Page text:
Punjab and Haryana is contributing to India’s food security, especially post the Green Revolution which is helping India’s concerns of low monsoon this year due to better irrigation facilities.
During the last two-years, the combined share of Punjab and Haryana in procurement declined to 50-51%, which has gone up in the last two years to 70-74%, reinforcing their status as reliable, “all-weather” contributors to national food security.
Weather patterns and India’s Food security:
As, the upcoming year is estimated to be an EL Nino year with delayed monsoon onset, the agriculture and Kharif crops are estimated to be impacted in India.
The immediate impact of a subnormal monsoon would be on the kharif crops, the sowings of which have barely taken off.
Moreover, if El Niño is going to get stronger, the impact could extend to the rabi (winter-spring) crops.
These, particularly wheat, are grown using groundwater and dam reservoirs that are recharged/refilled during the monsoon. A subnormal monsoon can, in other words, hit both rice and wheat production.
India is dependent on Rice and Wheat for its most of the food grain consumption and these weather events led to a sense of insecurity regarding food production and consumption.
Role of Punjab and Haryana:
Punjab alone cultivated paddy (rice with husk) on 67 lakh hectares (lh) in 2022-23, including 4.94 lh under basmati varieties.
The Punjab government is supplying eight hours of uninterrupted free power daily to run these tube-wells during the four-month paddy season (from transplanting to harvesting), starting June 10.
Punjab — known as the ‘Granary of India’ — produces 20 per cent and nine per cent of India’s wheat and rice respectively.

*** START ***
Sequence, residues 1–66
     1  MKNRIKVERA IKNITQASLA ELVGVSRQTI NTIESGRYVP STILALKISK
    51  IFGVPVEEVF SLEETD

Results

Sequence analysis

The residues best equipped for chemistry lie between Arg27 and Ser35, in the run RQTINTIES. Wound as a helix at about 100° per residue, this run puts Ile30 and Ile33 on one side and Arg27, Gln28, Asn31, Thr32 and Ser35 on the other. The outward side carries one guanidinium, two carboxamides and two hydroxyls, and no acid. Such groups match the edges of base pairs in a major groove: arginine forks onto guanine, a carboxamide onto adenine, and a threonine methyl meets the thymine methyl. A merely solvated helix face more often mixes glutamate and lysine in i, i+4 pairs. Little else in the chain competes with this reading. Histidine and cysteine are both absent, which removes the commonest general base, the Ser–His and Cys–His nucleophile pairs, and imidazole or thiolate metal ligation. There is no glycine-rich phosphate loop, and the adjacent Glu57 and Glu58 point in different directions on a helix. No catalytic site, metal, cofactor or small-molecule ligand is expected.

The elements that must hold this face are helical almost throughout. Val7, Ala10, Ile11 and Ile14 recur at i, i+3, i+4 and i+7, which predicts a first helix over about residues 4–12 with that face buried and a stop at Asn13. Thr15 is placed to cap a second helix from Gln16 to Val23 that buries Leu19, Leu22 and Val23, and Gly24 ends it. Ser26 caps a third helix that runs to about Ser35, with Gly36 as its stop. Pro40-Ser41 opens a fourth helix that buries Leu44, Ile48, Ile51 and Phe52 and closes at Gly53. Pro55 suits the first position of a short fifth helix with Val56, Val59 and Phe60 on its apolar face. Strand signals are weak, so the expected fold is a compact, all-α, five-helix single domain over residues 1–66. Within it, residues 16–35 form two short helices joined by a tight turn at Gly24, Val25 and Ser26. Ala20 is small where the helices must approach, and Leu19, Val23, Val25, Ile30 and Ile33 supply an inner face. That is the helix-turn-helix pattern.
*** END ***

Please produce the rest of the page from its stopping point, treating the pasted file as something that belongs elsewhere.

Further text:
At the international level, this represents three per cent of the global production of these crops.
The state is responsible for two per cent of the world’s cotton and wheat production and one per cent of the world’s rice production.
Reasons for Punjab’s Prosperity:
The higher yield is possibly because of the Green Revolution, a period when Indian agriculture was converted into an industrial system.
Modern methods and technology — including high-yielding variety (HYV) seeds, tractors, irrigation facilities, pesticides and fertilisers — were adopted.
Food Security act, 2013:
Foodgrains are distributed at subsidized rates.
Targeted Public Distribution System.
Food Security Allowance.
Transparency provisions are made available to avoid loop holes.
Food Security Programs in India:
Public Distribution System.
Mid-day Meal Scheme.
Integrated Child Development Services scheme.
Mega Food Parks.
Significance of Act:
To boost the Agriculture sector.
Aids the Government to Regulate the Prices.
Enhance reduction in poverty.
Access to nutritious food.
Also important for global security and national stability.